We had a meeting the other day where a new product / feature was discussed. One of the issues was naming: should we go with a technical acronym that has some buzz but might be scary to people whose lives don’t revolve around computers, or should we use a broader term that is an imperfect but more understandable metaphor?
We decided on the user-friendly version.
But one interesting side-discussion was about whether people know or care about POP & IMAP. I’m of the opinion that most people want their technology tools to work without any particular modification needed. I wish more tools were clever enough to be simple. In email, there are decent defaults, but sometimes people need something a little different.
POP and IMAP
Some good definitions can be found here. Here’s a short version:
Most email uses the Post Office Protocol, or POP, to download email from a server and store it on a user’s computer. By default anyway, messages are removed from the server when they have been downloaded to the user. This is good for saving space on the server, makes all email available even when your Internet connect is down or when you have a laptop away from a wireless network, and makes searching emails faster.
Some people prefer Internet Message Access Protocol, or IMAP. By default, messages are stored on the email server. Folders can be created and used to organize messages, even though the messages still reside on the server. This is good if more than one computer is used to access the same email account and you want your email organization to follow you everywhere.
The Path Less Traveled: Changing Defaults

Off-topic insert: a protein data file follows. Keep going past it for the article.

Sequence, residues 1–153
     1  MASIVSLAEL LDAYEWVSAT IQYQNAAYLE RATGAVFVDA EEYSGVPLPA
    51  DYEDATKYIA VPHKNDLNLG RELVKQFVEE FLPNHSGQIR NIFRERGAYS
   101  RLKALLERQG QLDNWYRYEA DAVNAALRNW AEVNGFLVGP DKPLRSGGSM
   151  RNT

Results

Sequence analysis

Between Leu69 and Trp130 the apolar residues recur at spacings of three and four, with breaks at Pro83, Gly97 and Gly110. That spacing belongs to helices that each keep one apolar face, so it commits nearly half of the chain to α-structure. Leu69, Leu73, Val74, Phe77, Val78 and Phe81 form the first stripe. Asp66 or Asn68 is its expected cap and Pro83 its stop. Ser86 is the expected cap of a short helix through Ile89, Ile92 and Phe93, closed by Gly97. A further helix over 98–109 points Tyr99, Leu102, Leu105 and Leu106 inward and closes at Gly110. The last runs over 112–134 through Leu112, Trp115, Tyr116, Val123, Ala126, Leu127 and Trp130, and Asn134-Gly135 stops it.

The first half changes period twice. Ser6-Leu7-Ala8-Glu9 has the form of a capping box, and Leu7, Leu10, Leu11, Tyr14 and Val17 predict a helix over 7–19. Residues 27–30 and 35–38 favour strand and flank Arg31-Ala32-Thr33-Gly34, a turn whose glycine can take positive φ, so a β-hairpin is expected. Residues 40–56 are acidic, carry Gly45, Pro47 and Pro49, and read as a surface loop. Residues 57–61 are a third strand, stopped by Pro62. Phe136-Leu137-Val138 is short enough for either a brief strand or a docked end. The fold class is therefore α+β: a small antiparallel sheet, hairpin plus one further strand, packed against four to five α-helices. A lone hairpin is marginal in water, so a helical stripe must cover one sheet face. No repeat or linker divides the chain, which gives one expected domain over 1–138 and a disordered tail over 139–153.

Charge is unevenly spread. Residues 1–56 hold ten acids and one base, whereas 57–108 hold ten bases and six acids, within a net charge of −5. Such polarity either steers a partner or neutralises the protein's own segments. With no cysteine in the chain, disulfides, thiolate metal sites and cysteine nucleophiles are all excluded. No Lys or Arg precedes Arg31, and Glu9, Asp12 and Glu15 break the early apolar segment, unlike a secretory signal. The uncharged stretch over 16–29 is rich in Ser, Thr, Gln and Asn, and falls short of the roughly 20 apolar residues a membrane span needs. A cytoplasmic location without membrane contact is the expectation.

Alternative POP settings: most email clients will let you keep a copy of your messages on the server. In Outlook, find Tools, Accounts, and look at the properties of the account you wish to change. Use the advanced tab or button to find the box to save messages on the server. A compromise is to leave the messages on the server for an extra few days before removing server-side copies (a week is usually enough for me). When I’ve done this in the past, I tended to also use the setting to delete messages from the server when I deleted them from my email program.
You’ll have to be careful to do this same sort of setting for other computers you might use to get POP email access– otherwise you’ll end up with no messages left on the server.
Alternative IMAP settings: some email programs (not Outlook 2000, which I have on my laptop) will let you download full copies of your messages into your email program. That way, you can look at all of your email offline if need be. In Thunderbird, click Tools, Account Settings, then look at Offline & Disk Space to change settings. I check the top two boxes for keeping my Inbox and any new folders automatically stored on my computer for offline use. If I was low on disk space, I would check the box to not download messages larger than 50KB.
So…POPish IMAP or IMAPish POP
By changing some settings, POP can act more like IMAP or vice-versa.
I should point out that our webmail client uses IMAP to view messages and manage folders on backend mailbox servers. Default configs for most of our customers put messages flagged as spam by our anti-spam systems into a spam folder. This folder is only viewable using the webmail client or when using IMAP– of course, most folks don’t need to look here often, if ever.